OK…several problems with this euphoria concerning an article in the NEJM. This study was an epidemiologic follow up of the DCCT cohort. A little background – when the DCCT came out, people went ape about how much tight control of diabetes benefits those with diabetes. Never mind that the DCCT only included type I diabetics – everyone wanted to apply the results to type 2 diabetes. EVEN when the UKPDS trial came out – showing that tight control had no effect on patient oriented outcomes of type 2 DM – there was STILL argument.
I’m not usually one to appeal to pathophysiological rationale, but geez…the pathophysiology even suggests that there should be different treatment. It does injustice to our basic understanding of our bodies’ very complex physiology to say that just because the glucose is elevated, more insulin is needed – when in type 2 DM, there’s already PLENTY of insulin around (doing its best to worsen the situation by causing weight gain and who knows what else…)
Now comes the DCCT followup. In this post linked to above, rcentor notes jubilantly: "We were right!" and then quickly notes:
One could argue that we only know that this is true for type I
diabetes, and thus we do not have the evidence to push as hard with
type II diabetes. That reasoning is (in my opinion) flawed. (see
What’s it gonna take? I couldn’t find the "previous rant" he refers to on his site, but I offer the following list of my problems with the whole subject…
- There are NO absolute statistics concerning the major endpoints in this article, and no calculated NNTs. Now call me an EBM wacko if you must, but I am immediately suspicious of enthusiasm about this if I would have to treat hundreds of type I diabetics with labor, time and money intensive treatment to prevent a single cardiovascular event. Looking at the y-axis of the survival curve, it looks as though the NNTs would indeed be that large.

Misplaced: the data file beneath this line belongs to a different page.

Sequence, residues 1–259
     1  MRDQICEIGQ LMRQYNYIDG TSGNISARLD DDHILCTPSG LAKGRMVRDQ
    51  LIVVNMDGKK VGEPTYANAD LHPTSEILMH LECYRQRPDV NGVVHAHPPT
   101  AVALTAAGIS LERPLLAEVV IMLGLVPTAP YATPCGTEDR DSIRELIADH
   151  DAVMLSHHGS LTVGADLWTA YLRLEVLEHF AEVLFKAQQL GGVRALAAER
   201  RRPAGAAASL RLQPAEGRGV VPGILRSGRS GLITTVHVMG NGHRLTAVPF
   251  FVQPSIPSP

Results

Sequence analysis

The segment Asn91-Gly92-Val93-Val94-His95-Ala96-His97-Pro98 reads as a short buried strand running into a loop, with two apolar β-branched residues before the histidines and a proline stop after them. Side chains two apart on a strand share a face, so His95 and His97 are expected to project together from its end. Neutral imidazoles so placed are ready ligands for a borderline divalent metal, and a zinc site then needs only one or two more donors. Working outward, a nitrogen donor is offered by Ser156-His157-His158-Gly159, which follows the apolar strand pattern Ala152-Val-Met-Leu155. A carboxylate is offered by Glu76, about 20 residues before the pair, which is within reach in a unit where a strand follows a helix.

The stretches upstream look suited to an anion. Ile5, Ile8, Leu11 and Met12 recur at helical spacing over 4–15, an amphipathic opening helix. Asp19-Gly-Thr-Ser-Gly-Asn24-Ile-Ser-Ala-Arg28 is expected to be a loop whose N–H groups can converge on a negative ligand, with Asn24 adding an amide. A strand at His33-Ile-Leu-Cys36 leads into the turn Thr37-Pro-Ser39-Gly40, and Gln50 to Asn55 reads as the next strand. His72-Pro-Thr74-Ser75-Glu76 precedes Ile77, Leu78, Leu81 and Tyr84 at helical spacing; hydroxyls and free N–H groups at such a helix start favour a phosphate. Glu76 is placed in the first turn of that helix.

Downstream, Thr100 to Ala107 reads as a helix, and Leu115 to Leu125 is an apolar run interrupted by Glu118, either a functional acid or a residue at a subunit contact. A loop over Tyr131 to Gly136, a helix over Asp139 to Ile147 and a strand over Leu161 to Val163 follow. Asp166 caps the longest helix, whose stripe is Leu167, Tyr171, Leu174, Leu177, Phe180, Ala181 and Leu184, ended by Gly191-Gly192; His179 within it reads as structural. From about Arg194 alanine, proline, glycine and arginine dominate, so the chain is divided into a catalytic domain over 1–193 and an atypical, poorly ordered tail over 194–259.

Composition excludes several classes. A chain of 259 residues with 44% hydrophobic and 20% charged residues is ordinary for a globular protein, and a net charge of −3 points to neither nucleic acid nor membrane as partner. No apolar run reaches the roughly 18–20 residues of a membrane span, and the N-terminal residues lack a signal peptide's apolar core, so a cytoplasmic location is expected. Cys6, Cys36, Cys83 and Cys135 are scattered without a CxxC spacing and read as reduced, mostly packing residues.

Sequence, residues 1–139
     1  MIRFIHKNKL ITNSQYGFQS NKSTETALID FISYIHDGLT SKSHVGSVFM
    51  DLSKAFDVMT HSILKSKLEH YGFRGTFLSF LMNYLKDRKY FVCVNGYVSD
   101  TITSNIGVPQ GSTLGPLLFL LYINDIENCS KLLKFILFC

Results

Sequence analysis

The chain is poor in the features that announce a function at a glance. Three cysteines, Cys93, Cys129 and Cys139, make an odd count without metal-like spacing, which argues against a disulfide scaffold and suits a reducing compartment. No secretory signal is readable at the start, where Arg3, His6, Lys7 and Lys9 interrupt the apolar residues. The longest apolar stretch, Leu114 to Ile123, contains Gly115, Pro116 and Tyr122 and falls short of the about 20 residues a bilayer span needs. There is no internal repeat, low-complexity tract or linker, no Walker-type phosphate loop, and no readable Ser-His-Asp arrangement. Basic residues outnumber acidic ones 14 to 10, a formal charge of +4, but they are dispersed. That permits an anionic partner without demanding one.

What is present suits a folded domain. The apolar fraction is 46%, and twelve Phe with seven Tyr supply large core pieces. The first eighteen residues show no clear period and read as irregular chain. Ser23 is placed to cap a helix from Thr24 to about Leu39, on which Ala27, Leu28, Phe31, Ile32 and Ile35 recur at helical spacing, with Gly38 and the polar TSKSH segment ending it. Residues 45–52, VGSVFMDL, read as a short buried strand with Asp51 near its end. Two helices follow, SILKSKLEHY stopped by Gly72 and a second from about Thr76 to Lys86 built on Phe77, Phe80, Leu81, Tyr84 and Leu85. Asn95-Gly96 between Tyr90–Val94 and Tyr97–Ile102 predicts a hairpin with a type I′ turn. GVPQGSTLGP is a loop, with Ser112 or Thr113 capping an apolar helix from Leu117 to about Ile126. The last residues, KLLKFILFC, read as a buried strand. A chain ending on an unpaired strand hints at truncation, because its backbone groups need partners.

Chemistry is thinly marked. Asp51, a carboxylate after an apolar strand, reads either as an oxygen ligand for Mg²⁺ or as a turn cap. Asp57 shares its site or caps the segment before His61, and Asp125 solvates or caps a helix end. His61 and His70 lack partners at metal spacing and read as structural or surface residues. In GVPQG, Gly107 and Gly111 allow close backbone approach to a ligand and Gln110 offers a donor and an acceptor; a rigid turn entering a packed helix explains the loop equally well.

- Whether you’re an empiricist or a pathophysiologist (I know there’s a better term, but I can’t think of it) – there are convincing arguments AGAINST intensive sugar control in type 2 diabetes (in terms of its contribution to decreased mortality). They’re no more the same disease as diabetes mellitus and insipidus ("but they both produce lots of urine when they’re out of control…they both MUST respond to insulin!")
- Intensive control is hard to do. The NIH is STILL trying desperately to fund projects to figure out how real doctors can do this. The DCCT follow up itself noted that the vast majority of patients were not continued on intensive control after the study in either group (though intererestingly their HBA1Cs did decline).
The article misleads, and, in my opinion, this blog post’s author is overly optimistic. There will be harm to intensive control of diabetes – that of opportunity cost (other interventions and health promotions that don’t get done because of the focus on blood sugar). It does not appear that this study’s outcomes are big enough to offset that harm.